Government efforts to get civilian and commercial drones off the ground in the US suffer setbacks due to technical issues and coordination with defense officials. Thus a September 2015 deadline set by lawmakers will not be met.
Amid mounting pressure to open the American skies to drone
technology, the Federal Aviation Administration is perplexed over
how to handle a number of related issues, including the question
as to what kind of detection system should be used to prevent
in-air collisions with other aircraft, or how to maintain
communications with ground control stations, Matthew Hampton, the
Transportation Department's assistant inspector general for
aviation, said in a report.
The FAA forecasts there will be around 7,500 active Unmanned Aircraft Systems (UAS) hovering above US skies in five years, with over $89 billion invested in drone technologies worldwide over the next decade. Drones range from radio-controlled model airplanes to those with the wingspan of a commercial airliner.
Presently, air traffic controllers, who guide hundreds of aircraft across US airspace each day, are not equipped to work with unmanned aircraft. At the same, no standards have been put in place to train ‘pilots’ of the vehicles.
Meanwhile, the FAA is getting little by way of cooperation from the US Defense Department, by far the largest user of unmanned aerial technologies which has experienced a number of drone accidents over the years.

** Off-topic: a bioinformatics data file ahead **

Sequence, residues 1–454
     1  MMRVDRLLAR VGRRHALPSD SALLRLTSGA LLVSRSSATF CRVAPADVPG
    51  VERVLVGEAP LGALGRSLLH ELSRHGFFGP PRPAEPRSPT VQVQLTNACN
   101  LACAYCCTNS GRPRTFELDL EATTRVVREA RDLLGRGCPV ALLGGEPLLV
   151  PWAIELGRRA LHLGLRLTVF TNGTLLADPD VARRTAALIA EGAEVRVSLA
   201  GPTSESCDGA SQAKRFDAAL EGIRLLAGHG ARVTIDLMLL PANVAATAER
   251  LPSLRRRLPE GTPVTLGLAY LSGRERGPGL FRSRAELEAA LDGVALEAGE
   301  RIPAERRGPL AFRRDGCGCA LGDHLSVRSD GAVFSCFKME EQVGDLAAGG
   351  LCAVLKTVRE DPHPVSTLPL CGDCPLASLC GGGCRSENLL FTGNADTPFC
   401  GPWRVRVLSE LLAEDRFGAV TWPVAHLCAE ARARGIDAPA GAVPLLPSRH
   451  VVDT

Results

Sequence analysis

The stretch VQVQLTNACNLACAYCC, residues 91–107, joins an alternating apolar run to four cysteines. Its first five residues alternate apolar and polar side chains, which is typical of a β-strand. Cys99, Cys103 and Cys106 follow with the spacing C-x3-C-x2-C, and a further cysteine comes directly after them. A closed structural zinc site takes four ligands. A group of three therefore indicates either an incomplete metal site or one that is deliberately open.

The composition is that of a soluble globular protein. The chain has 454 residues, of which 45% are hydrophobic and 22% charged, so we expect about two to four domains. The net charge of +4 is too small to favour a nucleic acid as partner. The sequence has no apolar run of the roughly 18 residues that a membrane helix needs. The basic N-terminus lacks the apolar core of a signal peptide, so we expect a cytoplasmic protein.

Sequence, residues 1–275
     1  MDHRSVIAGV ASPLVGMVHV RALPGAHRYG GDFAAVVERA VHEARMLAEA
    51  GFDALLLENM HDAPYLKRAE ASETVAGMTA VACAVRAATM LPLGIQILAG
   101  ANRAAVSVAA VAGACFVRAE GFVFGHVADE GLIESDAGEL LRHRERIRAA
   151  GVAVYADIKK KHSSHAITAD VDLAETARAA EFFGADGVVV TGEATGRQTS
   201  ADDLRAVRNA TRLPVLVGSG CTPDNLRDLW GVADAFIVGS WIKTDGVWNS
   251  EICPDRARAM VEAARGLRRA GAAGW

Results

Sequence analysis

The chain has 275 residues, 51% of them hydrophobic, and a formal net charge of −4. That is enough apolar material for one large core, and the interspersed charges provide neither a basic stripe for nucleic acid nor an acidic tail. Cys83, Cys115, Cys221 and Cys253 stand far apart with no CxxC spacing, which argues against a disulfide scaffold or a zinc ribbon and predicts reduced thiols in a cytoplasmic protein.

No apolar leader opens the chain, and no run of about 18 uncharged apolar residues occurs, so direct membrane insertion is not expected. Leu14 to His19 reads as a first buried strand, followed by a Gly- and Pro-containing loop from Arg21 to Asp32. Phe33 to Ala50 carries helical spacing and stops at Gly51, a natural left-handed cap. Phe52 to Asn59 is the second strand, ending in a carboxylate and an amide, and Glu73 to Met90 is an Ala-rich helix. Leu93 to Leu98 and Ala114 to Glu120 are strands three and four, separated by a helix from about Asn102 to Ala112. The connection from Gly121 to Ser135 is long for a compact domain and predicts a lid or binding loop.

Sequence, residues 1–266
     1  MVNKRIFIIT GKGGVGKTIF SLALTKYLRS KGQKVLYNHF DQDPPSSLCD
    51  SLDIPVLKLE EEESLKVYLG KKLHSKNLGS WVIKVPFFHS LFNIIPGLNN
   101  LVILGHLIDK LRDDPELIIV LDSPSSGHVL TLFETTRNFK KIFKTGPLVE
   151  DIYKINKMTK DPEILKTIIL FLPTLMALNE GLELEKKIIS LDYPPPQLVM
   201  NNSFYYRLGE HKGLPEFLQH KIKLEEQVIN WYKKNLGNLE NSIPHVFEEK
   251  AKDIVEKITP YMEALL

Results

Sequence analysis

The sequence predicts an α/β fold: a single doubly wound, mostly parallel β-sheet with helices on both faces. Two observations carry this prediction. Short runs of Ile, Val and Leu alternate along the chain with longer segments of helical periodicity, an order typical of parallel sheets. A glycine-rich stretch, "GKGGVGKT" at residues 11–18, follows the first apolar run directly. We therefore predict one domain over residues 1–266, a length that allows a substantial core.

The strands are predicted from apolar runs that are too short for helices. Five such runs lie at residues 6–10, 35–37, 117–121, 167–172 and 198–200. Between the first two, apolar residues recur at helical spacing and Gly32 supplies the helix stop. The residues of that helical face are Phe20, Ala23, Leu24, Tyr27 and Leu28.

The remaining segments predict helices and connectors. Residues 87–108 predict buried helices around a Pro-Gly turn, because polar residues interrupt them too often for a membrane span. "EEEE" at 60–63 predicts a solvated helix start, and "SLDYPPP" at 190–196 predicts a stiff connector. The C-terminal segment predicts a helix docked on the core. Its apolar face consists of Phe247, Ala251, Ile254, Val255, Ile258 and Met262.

In August 2010, for example, the Navy caused quite a stir when it temporarily lost contact with a Fire Scout drone, a 31-foot-long, 10-foot-high surveillance aircraft, which resulted in the vehicle flying into restricted airspace surrounding Washington, DC.
Eventually the Navy was able to reestablish contact with the
drone and fly it back to base.
The FAA requested more detailed information from the Defense Department on such incidents more than two years ago, but Pentagon officials have declined to comply "due to concerns regarding the release of sensitive information and uncertainty over who would bear the cost of retrieving the information," the report said.
Until the FAA resolves such issues, its efforts to introduce drones into the national airspace "will continue to move at a slow pace, and safety risks will remain," the report added.
Meanwhile, the FAA defended itself against detractors who accused the government watchdog of dragging its feet in clearing drones for taking to the skies.
The FAA "has made significant progress" toward opening US skies "even as it dealt with disruptions," which included spending cuts and a partial government shutdown.
Three weeks ago, the FAA granted the first permission for commercial drone flights over US territory to BP and drone producer AeroVironment to use a Puma drone to inspect pipelines and roads at Prudhoe Bay, Alaska.